•Northeastern leaders appeal for the intervention of the government and the international community to contain the devastating locusts.
•Led by Eldas MP Adan Keynan, they warned that the economy of the entire region will tumble if the insects are not contained in a month
A section of Northeastern leaders has appealed for the intervention of the government and the international community to contain the devastating swarms of desert locusts that have invaded the region.
Led by Eldas MP Adan Keynan, the leaders warned that the economy of the entire region will tumble if the insects are not contained within a month.
They said the locusts will destroy the livelihoods of the residents – mostly pastoralists – as the insects are already damaging vegetation which is relied upon by their livestock.
“Our appeal is to the government and other international agencies to provide aerial sprays drones. That is the only effective way because pesticides is what we used to use and are obsolete,” Keynan said.
Addressing a press conference in Parliament Buildings on Tuesday, they said the locusts have already invaded Mandera and parts of Wajir and are fast spreading to other counties in the region.
“The challenge that we have is that they are sweeping the whole region. Part of south western Somalia is affected. Two days ago, they were in Mandera and yesterday, they were in parts of Wajir,” he said.
He called on President Uhuru Kenyatta to order the Cabinet Secretaries in charge of Devolution, Agriculture and Environment to swiftly swing into action and stop the spread of the insects.
“When we continue to talk and not take action, then all the vegetation that is there for livestock growth and production will be completely destroyed and these communities that rely on livestock will certainly be depending on relief and other support mechanisms,” Wajir South MP Mohammed Sheikh said.
The leaders lamented about the lack of government’s preparedness combat the ruinous insects despite early warnings by the United Nations that they would spread to the country after they hit Ethiopia and Somalia.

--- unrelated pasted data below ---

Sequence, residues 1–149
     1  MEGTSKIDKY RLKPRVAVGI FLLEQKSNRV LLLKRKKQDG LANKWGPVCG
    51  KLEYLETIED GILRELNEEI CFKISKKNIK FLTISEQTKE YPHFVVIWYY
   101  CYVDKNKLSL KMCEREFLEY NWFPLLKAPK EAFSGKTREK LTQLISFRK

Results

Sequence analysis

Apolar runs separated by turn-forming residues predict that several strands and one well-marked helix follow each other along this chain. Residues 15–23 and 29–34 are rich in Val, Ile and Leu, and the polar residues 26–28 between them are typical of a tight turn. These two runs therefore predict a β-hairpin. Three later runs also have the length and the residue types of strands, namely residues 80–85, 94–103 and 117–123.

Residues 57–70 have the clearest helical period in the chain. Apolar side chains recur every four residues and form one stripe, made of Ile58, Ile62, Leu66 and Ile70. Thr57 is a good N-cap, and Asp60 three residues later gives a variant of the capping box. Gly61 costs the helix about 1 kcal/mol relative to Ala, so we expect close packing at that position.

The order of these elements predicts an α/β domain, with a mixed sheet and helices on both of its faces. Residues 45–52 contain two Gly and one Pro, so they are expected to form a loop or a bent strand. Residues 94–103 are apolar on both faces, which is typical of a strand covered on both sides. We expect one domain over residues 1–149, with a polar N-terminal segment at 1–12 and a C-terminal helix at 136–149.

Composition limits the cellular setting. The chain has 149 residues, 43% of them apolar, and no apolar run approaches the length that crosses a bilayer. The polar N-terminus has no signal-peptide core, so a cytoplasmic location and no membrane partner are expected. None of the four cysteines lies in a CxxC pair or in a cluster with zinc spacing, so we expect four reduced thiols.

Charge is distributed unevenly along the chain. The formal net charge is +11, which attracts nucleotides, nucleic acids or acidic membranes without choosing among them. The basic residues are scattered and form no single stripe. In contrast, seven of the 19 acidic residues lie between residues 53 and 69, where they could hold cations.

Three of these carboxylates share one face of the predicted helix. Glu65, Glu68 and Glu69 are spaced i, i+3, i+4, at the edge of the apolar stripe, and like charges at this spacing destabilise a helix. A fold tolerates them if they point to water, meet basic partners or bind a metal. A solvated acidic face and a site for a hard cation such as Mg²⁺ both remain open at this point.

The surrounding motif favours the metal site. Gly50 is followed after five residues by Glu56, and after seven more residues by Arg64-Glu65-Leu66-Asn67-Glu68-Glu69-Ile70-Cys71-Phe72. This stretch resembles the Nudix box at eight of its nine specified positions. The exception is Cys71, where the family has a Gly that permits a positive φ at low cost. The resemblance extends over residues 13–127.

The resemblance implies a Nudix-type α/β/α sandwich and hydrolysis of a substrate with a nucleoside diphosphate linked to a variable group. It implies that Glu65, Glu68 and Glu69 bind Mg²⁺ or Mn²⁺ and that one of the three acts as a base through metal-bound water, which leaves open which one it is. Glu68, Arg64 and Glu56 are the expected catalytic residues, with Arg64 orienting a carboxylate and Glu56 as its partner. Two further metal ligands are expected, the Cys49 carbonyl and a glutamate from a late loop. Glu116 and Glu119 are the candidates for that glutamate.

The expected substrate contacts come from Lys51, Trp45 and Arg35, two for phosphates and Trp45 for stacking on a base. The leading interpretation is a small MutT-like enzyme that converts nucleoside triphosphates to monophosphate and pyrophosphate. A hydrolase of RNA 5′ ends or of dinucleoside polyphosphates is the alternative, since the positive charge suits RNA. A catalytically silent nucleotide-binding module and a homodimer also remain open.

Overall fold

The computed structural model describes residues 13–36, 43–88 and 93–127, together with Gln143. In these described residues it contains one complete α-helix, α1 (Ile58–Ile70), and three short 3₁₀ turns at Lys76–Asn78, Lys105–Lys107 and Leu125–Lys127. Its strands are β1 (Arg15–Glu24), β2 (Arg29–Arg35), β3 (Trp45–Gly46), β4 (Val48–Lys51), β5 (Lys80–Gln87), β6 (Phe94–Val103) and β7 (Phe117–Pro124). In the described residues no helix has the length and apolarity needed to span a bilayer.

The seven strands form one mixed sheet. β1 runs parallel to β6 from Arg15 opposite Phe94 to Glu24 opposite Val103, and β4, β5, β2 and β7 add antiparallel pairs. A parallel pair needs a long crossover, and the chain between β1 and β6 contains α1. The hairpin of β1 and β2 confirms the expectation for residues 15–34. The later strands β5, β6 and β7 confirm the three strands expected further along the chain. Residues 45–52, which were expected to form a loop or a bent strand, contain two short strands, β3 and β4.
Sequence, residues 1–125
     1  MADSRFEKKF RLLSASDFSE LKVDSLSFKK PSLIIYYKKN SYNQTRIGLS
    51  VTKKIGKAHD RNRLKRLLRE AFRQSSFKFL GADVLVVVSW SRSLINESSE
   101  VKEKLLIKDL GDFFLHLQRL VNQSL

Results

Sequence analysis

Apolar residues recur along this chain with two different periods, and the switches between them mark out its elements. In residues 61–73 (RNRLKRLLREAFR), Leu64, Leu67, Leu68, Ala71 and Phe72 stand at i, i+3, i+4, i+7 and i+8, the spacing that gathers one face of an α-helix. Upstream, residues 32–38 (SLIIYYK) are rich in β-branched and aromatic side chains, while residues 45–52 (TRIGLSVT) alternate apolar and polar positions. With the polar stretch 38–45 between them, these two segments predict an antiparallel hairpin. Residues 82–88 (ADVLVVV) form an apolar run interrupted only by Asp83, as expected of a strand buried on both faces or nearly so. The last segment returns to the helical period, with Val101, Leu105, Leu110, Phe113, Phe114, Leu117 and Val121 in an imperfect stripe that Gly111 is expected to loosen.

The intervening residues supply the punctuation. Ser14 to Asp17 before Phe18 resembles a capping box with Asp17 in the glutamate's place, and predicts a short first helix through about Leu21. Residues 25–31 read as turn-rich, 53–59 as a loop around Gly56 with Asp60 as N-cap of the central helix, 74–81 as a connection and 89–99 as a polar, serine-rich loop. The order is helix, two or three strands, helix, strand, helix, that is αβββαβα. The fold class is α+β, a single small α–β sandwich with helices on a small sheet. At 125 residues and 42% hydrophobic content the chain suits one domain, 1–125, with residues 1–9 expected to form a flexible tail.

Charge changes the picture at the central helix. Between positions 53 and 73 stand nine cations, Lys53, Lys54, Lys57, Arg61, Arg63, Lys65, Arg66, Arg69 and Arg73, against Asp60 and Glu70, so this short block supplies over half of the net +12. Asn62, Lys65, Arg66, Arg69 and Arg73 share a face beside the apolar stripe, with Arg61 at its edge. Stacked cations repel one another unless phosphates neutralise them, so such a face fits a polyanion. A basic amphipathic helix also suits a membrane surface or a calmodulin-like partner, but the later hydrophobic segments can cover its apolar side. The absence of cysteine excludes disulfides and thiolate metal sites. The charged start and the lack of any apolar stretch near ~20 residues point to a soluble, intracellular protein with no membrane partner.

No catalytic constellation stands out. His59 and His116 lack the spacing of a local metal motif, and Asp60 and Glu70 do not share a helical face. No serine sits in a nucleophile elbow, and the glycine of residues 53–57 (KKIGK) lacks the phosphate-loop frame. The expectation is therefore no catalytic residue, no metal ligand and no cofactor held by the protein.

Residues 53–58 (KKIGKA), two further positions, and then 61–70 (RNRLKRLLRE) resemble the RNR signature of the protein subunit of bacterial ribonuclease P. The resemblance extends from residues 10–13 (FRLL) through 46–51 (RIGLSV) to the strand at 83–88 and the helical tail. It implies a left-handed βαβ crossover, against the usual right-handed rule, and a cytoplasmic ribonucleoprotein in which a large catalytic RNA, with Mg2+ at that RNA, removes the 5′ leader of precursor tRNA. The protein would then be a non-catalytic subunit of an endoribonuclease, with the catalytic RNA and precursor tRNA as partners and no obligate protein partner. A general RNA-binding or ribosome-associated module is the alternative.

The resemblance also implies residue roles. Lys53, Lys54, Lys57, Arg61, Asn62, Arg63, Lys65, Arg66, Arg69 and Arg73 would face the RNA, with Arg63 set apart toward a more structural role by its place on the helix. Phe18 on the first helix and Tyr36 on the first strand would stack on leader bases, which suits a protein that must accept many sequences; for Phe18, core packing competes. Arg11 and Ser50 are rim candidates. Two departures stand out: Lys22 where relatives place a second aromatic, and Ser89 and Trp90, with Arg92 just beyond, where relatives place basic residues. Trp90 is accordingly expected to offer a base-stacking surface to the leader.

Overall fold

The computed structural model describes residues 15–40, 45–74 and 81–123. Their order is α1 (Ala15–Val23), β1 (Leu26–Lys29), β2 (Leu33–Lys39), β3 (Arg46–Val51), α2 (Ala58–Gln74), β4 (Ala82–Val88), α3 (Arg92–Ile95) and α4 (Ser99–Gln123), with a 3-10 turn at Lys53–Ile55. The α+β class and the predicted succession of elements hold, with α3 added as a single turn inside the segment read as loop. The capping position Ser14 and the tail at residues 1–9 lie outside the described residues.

The Food and Agriculture Organisation (FAO) has last month warned that the desert locusts would spread to other Eastern African counties including Kenya, Eritrea, South Sudan and Djibouti if early interventions were not taken.
“It is apparent that there is total lack of national and county preparedness. During the colonial time, we used to have locust control unit which used to come along with livestock marketing division. These things are no more,” Keynan said.
Tarbaj MP Ahmed Bashane said, “This is a problem that we know was coming four months ago. It started in Ethiopia and it has gone to many other counties”
Mandera Senator Mohamed Mohamud termed the locusts’ invasion as a serious problem and an international disaster that should be combated jointly by the national government and the international communities.
“This is a disaster that we have to deal with now or the livelihood and lives of our people will be destroyed,” he said.
Wajir Senator Ali Hassan blamed corruption in the national and county governments for the lack of preparedness to combat the locusts.
“While are appealing on the locust issue, I would also urge our counties to work because none of them is functional right now because they are on holidays. Why can’t these counties, which have funds, do anything? What have they done so far?” he posed.